LISTEN: The Definitive Guide to Building the Right Product

LISTEN: The Definitive Guide to Building the Right Product

When startups begin to develop a product to sell, they need to be able to not only sell it, but design the product and tailor it towards the consumer (just like a suit), but it has to fit many people and often, people with different characteristics (of course, it can’t always fit everyone, but let’s think the majority here).

Without the consumer, there is no means to do business, and this is why we need to understand the definition of the consumer first.

In this post, you will learn about how an everyday consumer is built and what you should consider in your product to be able to make it a success.

We don’t necessarily have to love everything about our product. Still, we must believe in its representation as a betterment for the consumer and as a life-changer (even minor) when added to the consumer’s arsenal. After all, we all have loved ones, and we all dislike one or two things that those loved ones do at times.

Am I right? Yes, I did compare products to loved ones. My product is my child and the employees are all the godfathers, godmothers, uncles, and aunts of that child!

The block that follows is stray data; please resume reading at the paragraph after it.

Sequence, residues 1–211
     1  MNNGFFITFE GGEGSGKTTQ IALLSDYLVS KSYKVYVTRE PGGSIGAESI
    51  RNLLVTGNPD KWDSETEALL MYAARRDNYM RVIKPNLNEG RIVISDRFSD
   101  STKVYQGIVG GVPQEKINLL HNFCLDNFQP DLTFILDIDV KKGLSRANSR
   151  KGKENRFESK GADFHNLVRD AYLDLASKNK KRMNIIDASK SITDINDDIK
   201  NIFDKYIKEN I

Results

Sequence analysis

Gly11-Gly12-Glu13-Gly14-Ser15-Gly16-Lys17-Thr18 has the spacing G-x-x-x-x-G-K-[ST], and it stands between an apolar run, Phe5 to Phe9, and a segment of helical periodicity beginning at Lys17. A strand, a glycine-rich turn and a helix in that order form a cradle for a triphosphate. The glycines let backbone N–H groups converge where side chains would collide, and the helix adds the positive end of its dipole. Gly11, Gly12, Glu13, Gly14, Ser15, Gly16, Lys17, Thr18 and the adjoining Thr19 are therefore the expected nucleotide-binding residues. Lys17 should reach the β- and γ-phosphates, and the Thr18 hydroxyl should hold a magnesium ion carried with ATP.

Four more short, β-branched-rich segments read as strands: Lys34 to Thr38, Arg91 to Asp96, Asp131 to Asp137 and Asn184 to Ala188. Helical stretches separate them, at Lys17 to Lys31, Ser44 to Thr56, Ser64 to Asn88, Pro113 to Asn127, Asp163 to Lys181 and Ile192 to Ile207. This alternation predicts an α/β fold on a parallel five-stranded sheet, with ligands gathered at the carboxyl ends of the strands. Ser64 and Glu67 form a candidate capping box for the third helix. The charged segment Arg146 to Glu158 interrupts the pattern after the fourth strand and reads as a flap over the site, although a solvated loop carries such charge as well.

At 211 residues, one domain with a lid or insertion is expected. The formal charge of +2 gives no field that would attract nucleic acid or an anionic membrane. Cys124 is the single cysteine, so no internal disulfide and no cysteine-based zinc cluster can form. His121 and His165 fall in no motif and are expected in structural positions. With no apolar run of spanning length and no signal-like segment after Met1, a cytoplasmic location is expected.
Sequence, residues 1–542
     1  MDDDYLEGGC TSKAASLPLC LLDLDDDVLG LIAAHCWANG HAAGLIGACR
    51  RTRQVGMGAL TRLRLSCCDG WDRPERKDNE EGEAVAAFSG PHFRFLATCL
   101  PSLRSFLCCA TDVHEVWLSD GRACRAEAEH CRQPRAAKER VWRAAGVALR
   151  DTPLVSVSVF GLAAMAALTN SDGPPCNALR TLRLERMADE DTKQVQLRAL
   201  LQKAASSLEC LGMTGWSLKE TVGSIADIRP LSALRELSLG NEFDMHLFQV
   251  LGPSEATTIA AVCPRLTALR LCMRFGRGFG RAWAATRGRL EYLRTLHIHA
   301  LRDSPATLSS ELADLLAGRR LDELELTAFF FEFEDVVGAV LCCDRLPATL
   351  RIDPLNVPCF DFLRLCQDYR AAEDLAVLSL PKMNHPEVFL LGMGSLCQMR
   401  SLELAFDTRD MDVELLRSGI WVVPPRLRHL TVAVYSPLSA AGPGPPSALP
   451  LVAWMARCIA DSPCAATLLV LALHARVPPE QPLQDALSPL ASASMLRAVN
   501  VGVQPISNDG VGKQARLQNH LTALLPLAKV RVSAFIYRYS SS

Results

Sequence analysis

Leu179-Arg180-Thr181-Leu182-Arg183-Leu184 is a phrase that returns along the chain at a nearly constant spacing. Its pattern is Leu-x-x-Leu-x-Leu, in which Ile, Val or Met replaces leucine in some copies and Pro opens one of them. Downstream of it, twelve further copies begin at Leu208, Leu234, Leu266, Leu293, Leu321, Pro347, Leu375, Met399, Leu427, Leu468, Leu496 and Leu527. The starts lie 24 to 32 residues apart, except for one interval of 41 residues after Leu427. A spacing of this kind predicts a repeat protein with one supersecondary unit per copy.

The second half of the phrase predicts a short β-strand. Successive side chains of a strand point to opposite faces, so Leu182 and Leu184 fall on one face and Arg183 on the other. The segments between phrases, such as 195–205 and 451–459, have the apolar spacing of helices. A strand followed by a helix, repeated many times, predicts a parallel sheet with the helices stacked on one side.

The question raises itself here: how do we create a product that fits in an aggressive consumer world? Simple, we take in mind the definition of the consumer, and it all falls within one acronym, LISTEN.

The word LISTEN on its own is simple to understand, but what if we break down every letter into a trait of a regular consumer such as you and I?

1. L – Lazy 

Yes, every consumer on this planet is lazy. Whether you want to admit it or not, we all want to do the least possible to get as much as possible, and it’s almost instinctive. Try to make a product that allows you to make life ‘simpler’ and ‘less’ time-consuming for the consumer.

If it isn’t something that will cure an irritation, then it will make the consumer think twice before making a decision (thinking twice, in this case, is a no-no).

2. I – Intimacy

Another instinctive building block of every human is when you involve the opposite sex (and same-sex), or when you speak of love, be it brotherly, friendly, and empathetic moments. When you design a product around something that involves intimacy or sexuality of some sort, even if it’s nominal or subliminal, it becomes more attractive to all of us.

Of course, over-sexualizing content is not a good thing. Still, hints of it may take it a long way, e.g. in a lifestyle based ad, they usually tend to look for the most handsome person they can find to sit on a couch and interact with the product, or as we saw pretty often 20-30 years ago, a beautiful woman eating a “spicy” burger. 

3. S – Stupid

Yes, I said it…everyone, including myself, is stupid because we all have made a decision or two in life that we regret, and we constantly make those impulsive decisions… especially when shopping. We have all bought a product where we later thought, “why on earth did I buy this?!”